Document Type


Publication Date


Publication Title

Journal of Leadership and Organizational Studies

First Page


Last Page




This study examined gender stereotypes for leaders using a more indirect method than is typical in stereotype research. Rather than reveal the leader's gender, this study used vignettes in which the leader's gender was unknown. Consistent with their hypothesis, the authors found that participants were more likely to infer a male (female) gender identity than a female (male) gender identity when presented with a leader using a masculine (feminine) style. They also hypothesized that a leader using a gender-consistent leadership style would be viewed more positively than a leader using a gender-inconsistent style. Contrary to this hypothesis, results revealed that men using a gender-inconsistent (feminine) style were actually evaluated more positively than men using a gender-consistent style. It is interesting that a perceived female leader who used a gender-inconsistent (masculine) style was evaluated more positively than a perceived male leader who used a masculine style, but only by female participants. Possible explanations for these results are discussed.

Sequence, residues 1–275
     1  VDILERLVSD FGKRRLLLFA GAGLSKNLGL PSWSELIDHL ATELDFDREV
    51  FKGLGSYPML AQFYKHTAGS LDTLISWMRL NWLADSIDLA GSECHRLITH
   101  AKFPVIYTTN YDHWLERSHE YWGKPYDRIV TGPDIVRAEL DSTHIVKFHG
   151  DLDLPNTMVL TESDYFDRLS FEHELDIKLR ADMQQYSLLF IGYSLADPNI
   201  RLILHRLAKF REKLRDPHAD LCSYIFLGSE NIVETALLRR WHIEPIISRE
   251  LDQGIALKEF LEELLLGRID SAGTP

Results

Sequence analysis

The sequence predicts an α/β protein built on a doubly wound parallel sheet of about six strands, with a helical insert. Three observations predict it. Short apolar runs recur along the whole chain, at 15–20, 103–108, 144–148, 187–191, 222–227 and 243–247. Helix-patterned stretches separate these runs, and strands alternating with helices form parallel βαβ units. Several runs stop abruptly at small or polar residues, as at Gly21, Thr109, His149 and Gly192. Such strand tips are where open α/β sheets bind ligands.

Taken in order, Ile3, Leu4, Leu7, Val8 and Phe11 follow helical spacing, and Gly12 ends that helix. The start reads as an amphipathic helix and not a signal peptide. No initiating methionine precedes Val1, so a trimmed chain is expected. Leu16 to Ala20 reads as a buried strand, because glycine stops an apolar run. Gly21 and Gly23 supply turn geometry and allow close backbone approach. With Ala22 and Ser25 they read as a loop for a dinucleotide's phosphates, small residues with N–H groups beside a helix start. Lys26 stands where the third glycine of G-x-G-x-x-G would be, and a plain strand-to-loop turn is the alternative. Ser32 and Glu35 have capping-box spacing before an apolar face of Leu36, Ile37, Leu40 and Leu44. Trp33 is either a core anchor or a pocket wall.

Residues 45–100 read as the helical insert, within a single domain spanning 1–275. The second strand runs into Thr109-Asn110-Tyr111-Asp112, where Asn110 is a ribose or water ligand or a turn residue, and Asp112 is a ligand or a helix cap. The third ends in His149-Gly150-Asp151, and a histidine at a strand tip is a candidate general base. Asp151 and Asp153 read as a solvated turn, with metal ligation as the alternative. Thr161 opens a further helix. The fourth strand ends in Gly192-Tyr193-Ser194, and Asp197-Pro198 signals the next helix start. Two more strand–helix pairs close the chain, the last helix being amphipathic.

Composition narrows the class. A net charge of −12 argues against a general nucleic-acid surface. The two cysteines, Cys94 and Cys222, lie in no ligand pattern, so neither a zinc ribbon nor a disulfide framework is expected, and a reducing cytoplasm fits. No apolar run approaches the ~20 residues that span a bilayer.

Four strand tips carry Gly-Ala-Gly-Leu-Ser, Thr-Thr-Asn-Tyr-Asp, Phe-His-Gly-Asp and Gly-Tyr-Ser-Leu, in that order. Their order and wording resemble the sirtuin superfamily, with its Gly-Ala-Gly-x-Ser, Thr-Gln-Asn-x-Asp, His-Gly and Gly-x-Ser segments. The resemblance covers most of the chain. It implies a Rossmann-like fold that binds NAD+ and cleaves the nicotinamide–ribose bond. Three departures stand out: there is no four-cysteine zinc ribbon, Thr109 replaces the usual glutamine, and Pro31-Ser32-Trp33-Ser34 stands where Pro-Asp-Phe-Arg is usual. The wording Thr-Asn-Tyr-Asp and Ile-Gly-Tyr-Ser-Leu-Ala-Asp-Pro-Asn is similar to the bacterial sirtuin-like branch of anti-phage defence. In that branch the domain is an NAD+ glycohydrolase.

This is a pre-print version of this article. The version of record is available at SAGE.

NOTE: this version of the article is pending revision and may not reflect the changes made in the final, peer-reviewed version.